All About VR at MIFF
Long speculated on and dreamed about in science fiction, virtual reality is finally reality! For filmmakers and film-goers alike, it's re-writing the rules of how we create and consume entertainment. The implications and possibilities for cinema are immense, and exciting. As part of the 65th MIFF, this year we're presenting a special Virtual Reality program, offering a unique opportunity to strap on a VR headset and fully experience the jaw-dropping wonders of total immersive cinema. Next stop: the Holodeck!
Here, Worldview's Steve Spangaro answers a bunch of questions about this new frontier at MIFF, and beyond!
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With MIFF VR presenting a diverse range of styles in VR storytelling, why the need for a specially produced piece of VR content?
There are great works on offer at MIFF VR and that’s a big part of why we’ve created a VR Intro movie to play immediately before some of them. Many patrons will be trying VR for the first time and the tendency at that point is to get swept away by the uncanny nature of the medium. So the VR Intro is a chance for viewers to get that first moment of wonder out of the way in order to properly enjoy the VR storytelling work they’ve come to see.
You say the MIFF VR Intro is playing in front of ‘some’ of the VR films. Why only some?
Where does this experience take us? How are we adjusting to VR while watching the VR Intro.
Well, we’re most definitely inside The Regent Theatre. And this being VR, I don’t mean we see an interior shot of The Regent interior. We quite literally feel as if we’re inside the Regent Theatre – sitting in the stalls area in seat C38 to be precise.
OK so it’s a film made inside The Regent Theatre? But what happens?
Without giving too much away the viewer gets to see something connecting their immersion with the broader MIFF festival. It's not an overtly narrative style experience but rather a way of being somewhere thematically appropriate that also feels a bit special in the way the location behaves.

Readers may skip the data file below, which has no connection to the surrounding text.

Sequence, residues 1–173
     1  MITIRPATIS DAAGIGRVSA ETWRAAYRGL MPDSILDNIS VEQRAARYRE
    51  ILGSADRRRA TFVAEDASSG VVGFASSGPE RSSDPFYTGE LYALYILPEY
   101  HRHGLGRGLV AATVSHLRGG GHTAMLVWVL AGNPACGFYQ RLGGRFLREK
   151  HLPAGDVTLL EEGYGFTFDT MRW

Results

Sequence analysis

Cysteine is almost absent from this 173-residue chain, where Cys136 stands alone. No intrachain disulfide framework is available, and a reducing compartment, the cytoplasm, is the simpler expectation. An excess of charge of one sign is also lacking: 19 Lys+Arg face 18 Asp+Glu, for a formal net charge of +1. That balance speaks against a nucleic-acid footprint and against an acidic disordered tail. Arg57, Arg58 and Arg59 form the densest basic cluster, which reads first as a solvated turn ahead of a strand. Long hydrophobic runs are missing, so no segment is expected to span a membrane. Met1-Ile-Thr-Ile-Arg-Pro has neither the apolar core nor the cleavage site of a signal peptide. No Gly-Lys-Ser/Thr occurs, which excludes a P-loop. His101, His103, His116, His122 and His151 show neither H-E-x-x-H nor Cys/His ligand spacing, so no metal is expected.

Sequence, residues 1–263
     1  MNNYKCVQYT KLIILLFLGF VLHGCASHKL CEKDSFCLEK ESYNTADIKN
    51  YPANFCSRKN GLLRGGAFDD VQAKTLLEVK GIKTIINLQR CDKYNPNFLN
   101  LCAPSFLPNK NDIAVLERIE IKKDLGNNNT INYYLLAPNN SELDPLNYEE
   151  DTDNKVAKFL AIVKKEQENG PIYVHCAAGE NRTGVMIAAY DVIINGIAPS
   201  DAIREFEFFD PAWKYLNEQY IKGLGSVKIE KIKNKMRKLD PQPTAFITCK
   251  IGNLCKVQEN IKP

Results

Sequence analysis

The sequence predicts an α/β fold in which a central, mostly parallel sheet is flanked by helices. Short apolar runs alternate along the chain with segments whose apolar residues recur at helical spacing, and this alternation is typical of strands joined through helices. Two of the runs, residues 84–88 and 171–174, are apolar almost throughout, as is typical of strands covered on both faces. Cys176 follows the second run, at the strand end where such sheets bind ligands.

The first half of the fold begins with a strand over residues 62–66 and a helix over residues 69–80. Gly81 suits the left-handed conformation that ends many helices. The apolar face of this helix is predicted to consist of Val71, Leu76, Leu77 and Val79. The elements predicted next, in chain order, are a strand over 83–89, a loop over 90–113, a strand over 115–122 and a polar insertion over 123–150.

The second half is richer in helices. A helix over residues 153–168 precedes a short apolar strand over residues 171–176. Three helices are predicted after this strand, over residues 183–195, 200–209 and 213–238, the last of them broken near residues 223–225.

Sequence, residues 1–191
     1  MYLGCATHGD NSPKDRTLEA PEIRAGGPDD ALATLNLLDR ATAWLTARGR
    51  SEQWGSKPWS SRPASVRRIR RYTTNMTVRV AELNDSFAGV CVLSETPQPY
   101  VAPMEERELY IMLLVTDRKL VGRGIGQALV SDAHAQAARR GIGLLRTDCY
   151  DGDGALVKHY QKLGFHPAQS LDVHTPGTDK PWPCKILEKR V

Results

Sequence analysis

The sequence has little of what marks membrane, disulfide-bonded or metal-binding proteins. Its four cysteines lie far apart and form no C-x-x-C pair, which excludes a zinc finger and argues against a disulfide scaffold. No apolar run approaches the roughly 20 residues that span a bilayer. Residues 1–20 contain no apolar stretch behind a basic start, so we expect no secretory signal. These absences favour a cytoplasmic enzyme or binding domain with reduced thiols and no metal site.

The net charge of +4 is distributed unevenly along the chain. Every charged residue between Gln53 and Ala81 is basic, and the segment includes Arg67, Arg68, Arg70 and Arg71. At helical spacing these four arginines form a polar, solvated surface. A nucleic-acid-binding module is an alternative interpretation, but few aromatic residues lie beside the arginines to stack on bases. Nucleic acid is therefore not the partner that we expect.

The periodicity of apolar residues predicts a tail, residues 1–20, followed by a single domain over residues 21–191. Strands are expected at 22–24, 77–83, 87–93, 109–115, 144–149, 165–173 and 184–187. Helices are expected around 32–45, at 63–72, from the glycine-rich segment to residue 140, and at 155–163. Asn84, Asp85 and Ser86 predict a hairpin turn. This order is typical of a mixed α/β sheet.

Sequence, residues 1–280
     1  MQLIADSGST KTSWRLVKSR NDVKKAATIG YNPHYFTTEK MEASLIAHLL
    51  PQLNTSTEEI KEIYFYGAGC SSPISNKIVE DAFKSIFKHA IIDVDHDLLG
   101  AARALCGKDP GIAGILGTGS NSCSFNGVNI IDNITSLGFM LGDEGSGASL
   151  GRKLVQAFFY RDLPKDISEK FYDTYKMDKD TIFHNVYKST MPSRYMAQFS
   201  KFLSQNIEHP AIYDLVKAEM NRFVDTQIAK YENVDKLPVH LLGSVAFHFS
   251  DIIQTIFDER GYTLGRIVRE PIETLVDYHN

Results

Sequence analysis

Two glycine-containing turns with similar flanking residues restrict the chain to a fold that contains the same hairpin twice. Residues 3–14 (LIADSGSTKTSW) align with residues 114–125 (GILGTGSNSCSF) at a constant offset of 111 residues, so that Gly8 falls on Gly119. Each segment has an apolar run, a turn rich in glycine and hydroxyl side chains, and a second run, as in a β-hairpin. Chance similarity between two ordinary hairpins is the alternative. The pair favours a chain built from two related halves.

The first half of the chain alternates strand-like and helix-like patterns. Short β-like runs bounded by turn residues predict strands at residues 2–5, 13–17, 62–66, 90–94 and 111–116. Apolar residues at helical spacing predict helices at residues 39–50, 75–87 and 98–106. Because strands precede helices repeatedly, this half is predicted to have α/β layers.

Did you recreate The Regent Theatre as a 3D model or did you actually film it?
We shot video inside The Regent and from that we created both still image and video assets to enable the overall MIFF VR Intro experience.
Can you talk more about what was involved technically.
Well a key element was taking the unconventional path of shooting with a RED camera. RED isn’t commonly used in 360 video production. We also lit the venue with tungsten lights, which presented a challenge because in 360 video you can’t simply hide lights out of shot like you can in flat-screen production.
It’s been a privilege for Worldview to create what will be the entry point to this new medium for a number of MIFF goers. It’s something they may well remember for some time so a lot of work went into making the virtual space feel true to the grandeur and plush tones of The Regent and just generally as realistic as possible.
With an increasing range of 360 video camera systems out there for filmmakers to use, couldn’t you have used one of those?
Not for this project. The Regent has quite dim house lighting and with a conventional array the results wouldn’t have been acceptable. A grainy, noisy picture in VR is just terrible. We don’t see grain in real life so it wasn’t really an option if we were aiming to make the visuals crisp and lifelike.
Also we needed a really high-quality image to work with in post so we could grade very precisely and create some visual effects that used the geometry of the space. The image also needed a lot of clean up on account of equipment for The Sound Of Music being present in the space at the time of shooting.
Did shooting with a RED camera change the way you went about post-production?
Yes and that included handling the deluge of data we’d created.
We’d pretty much maxed out on what is technically possible on the shoot with modern imaging devices, resulting in a master that was 11,500 horizontal pixels. To put that in perspective, IMAX is only about 8,000 horizontal pixels and the increase in file size is exponential as you increase resolution.
We’d pretty much maxed out on what is technically possible with modern imaging devices, resulting in a master that was 11,500 horizontal pixels. To put that in perspective, IMAX is only about 8,000 horizontal pixels and the increase in file size is exponential as you increase resolution.